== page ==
The strangest thing of all is that I have a date tonight. Like, with a girl and everything. And one who's quite far on the young and pretty side for me. I see it as a much bigger risk to my future than Brexit, Peak Oil, and climate change rolled together into one large bugeye hairy-legged man-eating spider. The problem is that I've never misled her about my lifestyle and goals, and she still wants to hang around with me, so my standard passive defense mechanism failed (just be myself). On the surface I'm just a safe old guy with deep pockets who kindly offered moral support to help her see her way through rough times (wake of a really ugly marriage dissolution/recent divorce). Maybe it will stay there. Definitely it was a case of my mouth getting out ahead of my brain. If she has other ideas, however, I will likely capitulate in a matter of milliseconds. I mentioned she is good-looking, and in some specific respects I'm a very shallow man. :)

In the coming quarter I foresee a leisurely focus sprucing up the house/property. First up is the fence in my yard, just going section-by-section and making spot repairs and prepping for paint. I'm brushing up on some rudimentary carpentry skills and improvised mechanical engineering. It violates some of my deepest principals, but I'll also be working to improve the front lawn and landscaping.

My youngest daughter is planning to get married soon, sans ceremony and all (she suffers from panic attacks and doesn't want anything remotely close to a traditional ceremony). My prospective son-in-law is a decent guy. They say they want me to take them underwing to help them get started on a financial journey. I've thought at times, and friends have suggested, that I should hang out a shingle and give financial advice for a second career. I usually dismiss it, but if working with the kids proves fruitful I might give it more consideration as a 'side hustle'.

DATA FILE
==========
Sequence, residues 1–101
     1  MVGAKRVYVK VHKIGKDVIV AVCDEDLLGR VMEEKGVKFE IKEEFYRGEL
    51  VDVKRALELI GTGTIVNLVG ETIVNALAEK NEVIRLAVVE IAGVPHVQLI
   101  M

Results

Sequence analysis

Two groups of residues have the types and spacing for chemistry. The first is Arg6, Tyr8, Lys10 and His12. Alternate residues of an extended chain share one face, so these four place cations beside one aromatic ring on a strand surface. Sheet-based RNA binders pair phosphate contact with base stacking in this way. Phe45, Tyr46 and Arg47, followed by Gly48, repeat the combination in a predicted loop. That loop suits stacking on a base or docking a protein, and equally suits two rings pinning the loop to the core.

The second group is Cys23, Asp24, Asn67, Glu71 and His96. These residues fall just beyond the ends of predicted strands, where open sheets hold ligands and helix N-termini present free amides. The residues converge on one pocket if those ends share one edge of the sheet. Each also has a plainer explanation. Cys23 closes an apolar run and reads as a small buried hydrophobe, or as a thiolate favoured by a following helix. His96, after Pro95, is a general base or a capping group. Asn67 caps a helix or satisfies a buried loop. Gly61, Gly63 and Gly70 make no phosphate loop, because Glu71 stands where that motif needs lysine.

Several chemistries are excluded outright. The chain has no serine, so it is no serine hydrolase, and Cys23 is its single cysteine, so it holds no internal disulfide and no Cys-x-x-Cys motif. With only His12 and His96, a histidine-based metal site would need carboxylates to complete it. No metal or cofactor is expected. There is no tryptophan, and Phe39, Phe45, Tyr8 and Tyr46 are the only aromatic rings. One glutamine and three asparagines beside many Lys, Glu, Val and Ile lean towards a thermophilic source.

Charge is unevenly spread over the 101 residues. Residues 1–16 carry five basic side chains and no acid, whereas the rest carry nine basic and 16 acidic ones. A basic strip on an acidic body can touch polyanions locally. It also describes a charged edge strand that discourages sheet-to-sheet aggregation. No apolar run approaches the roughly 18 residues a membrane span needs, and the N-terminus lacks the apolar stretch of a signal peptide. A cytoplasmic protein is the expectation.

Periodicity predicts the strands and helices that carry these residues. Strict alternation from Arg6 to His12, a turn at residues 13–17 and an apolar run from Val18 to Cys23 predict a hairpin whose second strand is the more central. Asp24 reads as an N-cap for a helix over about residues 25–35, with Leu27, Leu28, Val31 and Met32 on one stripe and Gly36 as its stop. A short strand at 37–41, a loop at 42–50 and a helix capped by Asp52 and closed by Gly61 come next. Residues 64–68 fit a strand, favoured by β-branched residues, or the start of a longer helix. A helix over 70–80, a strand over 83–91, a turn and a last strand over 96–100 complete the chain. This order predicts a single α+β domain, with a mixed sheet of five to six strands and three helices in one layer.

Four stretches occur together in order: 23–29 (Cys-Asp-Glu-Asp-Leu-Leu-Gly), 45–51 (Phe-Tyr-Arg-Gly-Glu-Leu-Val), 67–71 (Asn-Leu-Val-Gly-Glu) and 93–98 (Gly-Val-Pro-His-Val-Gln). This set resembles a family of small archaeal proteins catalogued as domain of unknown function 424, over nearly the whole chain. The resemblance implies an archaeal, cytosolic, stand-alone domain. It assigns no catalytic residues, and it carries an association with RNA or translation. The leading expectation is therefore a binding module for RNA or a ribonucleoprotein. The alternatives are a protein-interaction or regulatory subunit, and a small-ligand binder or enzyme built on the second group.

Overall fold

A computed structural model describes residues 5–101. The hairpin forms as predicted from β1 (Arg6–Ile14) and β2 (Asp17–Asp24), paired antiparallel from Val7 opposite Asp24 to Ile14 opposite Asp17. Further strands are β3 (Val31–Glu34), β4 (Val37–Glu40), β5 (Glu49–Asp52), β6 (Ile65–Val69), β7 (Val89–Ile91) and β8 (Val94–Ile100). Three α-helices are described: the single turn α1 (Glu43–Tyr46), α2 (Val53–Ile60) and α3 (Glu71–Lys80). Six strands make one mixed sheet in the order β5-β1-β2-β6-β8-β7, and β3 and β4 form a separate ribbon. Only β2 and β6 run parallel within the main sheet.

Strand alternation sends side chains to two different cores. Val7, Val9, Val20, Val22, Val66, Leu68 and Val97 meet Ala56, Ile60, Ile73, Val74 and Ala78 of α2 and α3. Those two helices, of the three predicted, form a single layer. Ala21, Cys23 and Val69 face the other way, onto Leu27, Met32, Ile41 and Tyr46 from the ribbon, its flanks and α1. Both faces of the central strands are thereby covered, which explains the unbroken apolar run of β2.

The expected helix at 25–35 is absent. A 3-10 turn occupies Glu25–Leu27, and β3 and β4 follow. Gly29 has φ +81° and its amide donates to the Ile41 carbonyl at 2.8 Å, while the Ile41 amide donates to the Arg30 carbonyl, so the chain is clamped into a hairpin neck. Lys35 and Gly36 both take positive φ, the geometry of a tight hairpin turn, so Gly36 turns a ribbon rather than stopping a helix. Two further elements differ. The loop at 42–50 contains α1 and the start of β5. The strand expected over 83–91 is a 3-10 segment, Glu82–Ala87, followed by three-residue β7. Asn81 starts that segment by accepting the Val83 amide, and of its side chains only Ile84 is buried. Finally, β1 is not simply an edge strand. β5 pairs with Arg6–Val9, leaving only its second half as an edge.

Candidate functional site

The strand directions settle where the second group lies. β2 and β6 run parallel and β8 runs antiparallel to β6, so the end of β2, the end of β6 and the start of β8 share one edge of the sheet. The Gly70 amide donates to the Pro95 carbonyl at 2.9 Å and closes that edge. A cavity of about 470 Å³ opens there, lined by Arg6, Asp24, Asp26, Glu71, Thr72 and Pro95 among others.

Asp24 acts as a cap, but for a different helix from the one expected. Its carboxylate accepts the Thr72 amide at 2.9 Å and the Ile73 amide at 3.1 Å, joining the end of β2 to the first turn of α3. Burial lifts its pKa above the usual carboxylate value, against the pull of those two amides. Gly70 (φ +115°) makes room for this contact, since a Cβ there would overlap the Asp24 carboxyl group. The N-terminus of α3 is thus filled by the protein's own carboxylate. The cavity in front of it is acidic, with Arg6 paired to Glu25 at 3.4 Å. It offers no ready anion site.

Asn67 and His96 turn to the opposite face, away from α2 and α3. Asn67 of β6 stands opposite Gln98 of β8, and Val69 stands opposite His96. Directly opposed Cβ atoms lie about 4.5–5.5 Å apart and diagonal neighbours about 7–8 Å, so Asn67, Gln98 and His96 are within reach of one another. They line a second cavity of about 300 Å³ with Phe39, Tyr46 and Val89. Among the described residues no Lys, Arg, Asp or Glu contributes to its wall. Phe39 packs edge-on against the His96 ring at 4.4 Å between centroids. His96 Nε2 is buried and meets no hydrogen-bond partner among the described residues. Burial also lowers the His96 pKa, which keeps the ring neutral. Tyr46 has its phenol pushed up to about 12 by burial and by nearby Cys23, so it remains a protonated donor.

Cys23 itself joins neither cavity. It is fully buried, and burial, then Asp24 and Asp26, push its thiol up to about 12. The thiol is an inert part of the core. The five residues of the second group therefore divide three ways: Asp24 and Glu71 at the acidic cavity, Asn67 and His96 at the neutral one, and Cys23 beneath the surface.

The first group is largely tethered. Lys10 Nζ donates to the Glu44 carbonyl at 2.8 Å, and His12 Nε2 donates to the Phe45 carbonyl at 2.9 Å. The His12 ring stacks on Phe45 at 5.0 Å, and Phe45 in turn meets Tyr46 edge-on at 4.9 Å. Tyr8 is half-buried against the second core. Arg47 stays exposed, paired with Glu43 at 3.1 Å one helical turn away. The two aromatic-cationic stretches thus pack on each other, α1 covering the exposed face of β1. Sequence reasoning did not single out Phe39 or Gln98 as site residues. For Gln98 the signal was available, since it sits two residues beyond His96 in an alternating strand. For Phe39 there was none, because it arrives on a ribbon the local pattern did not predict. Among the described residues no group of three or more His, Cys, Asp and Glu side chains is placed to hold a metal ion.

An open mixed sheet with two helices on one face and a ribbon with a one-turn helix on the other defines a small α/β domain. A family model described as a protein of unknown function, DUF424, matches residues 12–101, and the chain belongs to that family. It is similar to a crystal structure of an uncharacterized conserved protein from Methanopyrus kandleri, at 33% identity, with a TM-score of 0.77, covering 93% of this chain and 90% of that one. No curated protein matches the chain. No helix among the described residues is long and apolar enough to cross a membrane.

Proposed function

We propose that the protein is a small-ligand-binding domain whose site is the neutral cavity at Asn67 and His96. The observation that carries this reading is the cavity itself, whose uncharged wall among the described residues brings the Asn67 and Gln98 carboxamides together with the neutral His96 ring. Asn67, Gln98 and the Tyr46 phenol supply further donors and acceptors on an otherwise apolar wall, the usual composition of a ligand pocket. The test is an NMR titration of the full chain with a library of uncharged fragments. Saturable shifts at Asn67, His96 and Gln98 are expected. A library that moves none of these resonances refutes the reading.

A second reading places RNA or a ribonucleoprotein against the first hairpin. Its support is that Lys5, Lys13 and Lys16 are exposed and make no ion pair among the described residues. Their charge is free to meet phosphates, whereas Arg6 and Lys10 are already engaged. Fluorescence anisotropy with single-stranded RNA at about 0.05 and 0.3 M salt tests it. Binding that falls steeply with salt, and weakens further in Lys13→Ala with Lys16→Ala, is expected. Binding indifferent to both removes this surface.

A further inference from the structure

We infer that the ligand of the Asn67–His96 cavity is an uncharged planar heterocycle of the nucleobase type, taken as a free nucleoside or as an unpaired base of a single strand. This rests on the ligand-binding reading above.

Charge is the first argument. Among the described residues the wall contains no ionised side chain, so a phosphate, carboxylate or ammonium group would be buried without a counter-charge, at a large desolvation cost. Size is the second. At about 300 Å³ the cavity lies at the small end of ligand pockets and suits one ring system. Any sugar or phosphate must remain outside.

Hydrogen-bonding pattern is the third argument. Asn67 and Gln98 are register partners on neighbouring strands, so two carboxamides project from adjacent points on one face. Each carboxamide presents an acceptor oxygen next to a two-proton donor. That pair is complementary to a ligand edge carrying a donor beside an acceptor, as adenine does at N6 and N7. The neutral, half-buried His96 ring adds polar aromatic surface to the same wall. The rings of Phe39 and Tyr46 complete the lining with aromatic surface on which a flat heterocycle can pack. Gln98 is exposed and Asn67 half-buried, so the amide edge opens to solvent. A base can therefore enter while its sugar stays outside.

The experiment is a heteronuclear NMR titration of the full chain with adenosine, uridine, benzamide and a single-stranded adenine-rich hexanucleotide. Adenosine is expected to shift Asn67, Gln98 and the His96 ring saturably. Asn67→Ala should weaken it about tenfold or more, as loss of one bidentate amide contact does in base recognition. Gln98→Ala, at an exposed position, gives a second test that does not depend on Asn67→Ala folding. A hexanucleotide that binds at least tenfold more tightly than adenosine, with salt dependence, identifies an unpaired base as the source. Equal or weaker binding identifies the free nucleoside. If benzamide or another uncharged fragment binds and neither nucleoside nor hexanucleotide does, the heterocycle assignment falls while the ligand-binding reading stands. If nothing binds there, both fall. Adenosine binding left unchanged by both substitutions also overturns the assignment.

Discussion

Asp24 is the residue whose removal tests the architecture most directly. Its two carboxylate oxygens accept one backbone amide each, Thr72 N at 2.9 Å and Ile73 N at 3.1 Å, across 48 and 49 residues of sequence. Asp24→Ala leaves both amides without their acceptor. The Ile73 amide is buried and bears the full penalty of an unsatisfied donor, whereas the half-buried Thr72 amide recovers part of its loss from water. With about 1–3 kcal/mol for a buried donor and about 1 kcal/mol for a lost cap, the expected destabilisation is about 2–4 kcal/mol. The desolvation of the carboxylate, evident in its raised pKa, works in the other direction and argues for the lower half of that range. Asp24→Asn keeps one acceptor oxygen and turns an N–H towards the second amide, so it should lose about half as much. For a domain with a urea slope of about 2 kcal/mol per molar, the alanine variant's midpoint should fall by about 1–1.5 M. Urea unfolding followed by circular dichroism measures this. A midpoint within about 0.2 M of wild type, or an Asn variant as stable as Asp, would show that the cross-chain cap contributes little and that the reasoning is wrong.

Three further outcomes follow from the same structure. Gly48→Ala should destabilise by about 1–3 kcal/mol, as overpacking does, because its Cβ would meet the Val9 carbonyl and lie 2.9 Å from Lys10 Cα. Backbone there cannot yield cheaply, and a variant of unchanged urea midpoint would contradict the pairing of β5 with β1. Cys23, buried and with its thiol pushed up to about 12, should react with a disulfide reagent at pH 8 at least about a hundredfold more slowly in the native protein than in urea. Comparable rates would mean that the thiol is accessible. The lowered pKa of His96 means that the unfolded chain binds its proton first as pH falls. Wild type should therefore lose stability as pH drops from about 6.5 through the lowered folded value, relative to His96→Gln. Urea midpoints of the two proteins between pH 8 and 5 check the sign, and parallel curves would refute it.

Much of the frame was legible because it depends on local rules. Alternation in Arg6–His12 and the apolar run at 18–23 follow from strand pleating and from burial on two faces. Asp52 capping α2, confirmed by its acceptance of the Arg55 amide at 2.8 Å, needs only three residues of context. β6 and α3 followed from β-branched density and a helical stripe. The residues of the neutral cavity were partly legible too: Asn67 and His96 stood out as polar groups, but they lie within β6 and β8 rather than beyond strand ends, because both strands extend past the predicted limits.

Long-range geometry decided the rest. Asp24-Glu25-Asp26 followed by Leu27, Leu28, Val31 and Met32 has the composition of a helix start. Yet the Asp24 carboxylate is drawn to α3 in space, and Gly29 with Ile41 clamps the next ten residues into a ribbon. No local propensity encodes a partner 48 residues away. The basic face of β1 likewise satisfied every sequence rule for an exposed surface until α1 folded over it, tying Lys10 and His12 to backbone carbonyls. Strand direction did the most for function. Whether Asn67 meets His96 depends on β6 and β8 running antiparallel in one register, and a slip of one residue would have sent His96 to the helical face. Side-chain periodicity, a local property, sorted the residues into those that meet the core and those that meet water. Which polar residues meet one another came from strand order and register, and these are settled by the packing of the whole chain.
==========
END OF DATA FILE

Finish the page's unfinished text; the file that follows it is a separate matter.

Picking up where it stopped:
Now on to the dry stuff ...

Invested Assets and Net Worth

In the quarter total invested assets increased by $40,300 after contributions.

Net worth is up $37,500 for the quarter, and $113,800 over the last 12 months. Both numbers are slightly disappointing but it's been rough sledding in the financial markets. In the bigger picture I'm about 98% of the way to earning my second comma when it comes to a standard net worth calculation. It's possible to cross that plateau during Q3 2016.

Savings and Spending

YTD savings as a % of gross income: 55.7%, down from 60.4% as of end of Apr (I was off-grid and did not compute May numbers).
YTD savings as a % of after-tax income: 75.1%, down from 80.0% as of end of Apr (I was off-grid and did not compute May numbers).

June spending was $3,491 (versus $3,427 in May) both well above the target average of $2,416/mo for the year.

Average monthly spending YTD is $2,485 which is also above the $2,416 target.

May and June were "bad" months for spending. I don't feel like beating myself up about it too much. I traveled for almost 3 weeks, had some preventative auto maintenance that needed doing, had some repair/replacement expenses up at the cabin, and started a couple projects around the house in the gradual push to get it ready for sale.

YTD spending (excl. inc tax) as % of gross income: 16.6%, up from 12.7% as of end of Apr.
YTD spending (excl. inc tax) as % of after-tax income: 22.4%, up from 16.8% as of end of Apr.

ER Status

With 30 June as my first day of ER, I would expect to deplete 13.1% of my financial assets getting to my 70th birthday, compared to 19.5% at the end of April. If things proceeded exactly according to my nominal plan my average withdrawal rate from age 52 to age 70 would be 3.96%, and from 52 to 85 would be 2.33%.

June spending represents an equivalent withdrawal rate of 6.44%; YTD the equivalent rate is 4.78%.